Do you have experience in manufacturing (cnc, 3dprint) technical drawing and general and advanced electrical backgrounds?


    Greetings tom

  • Hello Tom,

    Thank you for your fast reply. What I want is to have fast and good results. I am an Aerospace engineer and I work for a drone company. My idea was making something like the one we were using already but with better quality electronics and more powerful in order to handle heavier go pros. We have here a machine shop in our facility and I have Solidworks. My electrical background I would say is decent.

    My first step was picking the motors, and now I am trying to get de best board for the project. I think this one is going to be the right one https://www.basecamelectronics.com/simplebgc32ext_long/

    What do u think?
  • Hi Abelmartinez90,

    Ok that sounds good that you have basic experience, you also learn a lot by reading the manual. but I think before you decide on a board (form factor) you should consider your fixed points.

    Do you need endless rotating axes? - if so, on all three?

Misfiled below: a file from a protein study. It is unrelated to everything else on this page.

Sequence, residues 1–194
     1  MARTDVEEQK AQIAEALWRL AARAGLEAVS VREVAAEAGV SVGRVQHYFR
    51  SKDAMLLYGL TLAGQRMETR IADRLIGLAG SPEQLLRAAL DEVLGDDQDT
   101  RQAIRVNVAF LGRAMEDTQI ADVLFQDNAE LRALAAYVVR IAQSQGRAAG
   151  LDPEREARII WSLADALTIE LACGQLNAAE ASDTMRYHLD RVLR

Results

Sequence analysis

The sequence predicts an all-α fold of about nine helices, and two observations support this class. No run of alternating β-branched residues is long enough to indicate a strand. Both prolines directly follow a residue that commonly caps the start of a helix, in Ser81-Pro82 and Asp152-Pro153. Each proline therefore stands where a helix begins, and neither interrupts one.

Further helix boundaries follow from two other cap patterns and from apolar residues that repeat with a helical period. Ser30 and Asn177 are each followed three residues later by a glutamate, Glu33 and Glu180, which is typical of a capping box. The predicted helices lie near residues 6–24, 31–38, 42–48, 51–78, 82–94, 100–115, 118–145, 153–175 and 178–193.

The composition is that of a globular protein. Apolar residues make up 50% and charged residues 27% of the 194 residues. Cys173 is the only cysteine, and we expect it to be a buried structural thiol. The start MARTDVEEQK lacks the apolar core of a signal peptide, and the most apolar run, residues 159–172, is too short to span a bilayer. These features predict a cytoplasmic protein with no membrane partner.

What kind of encoders are good, compact and cheap and compatible with the FW, (read the extended encoder documentation)

    Motor - with or hollowshaft - do you want to use external shafts and + ball bearings?
    what kind of operating voltage do you want? How high is power consum at limits- when you can chose your board.

    do you need to power the camera or external devices?

    Do you have a gopro? Otherwise an exact dummy with weight and center of gravity.

    The best way is to create a roadpaln and start with the simple axis, pitch.

    regards tom


  • Hello Tom,

    I do not need any endless rotating axes. Actually the gimbal I am designing only have Tilt and roll axes. With +- 45 degrees.

    For me the hollow shaft ere really convenient since it allows to pass wires through. The ones I selected and attached the link are hollow shaft. I do not need any external shafts.

    The operating voltage, maximum could be 24v (6s), but 12v (3s) would be good, this is what I am using now.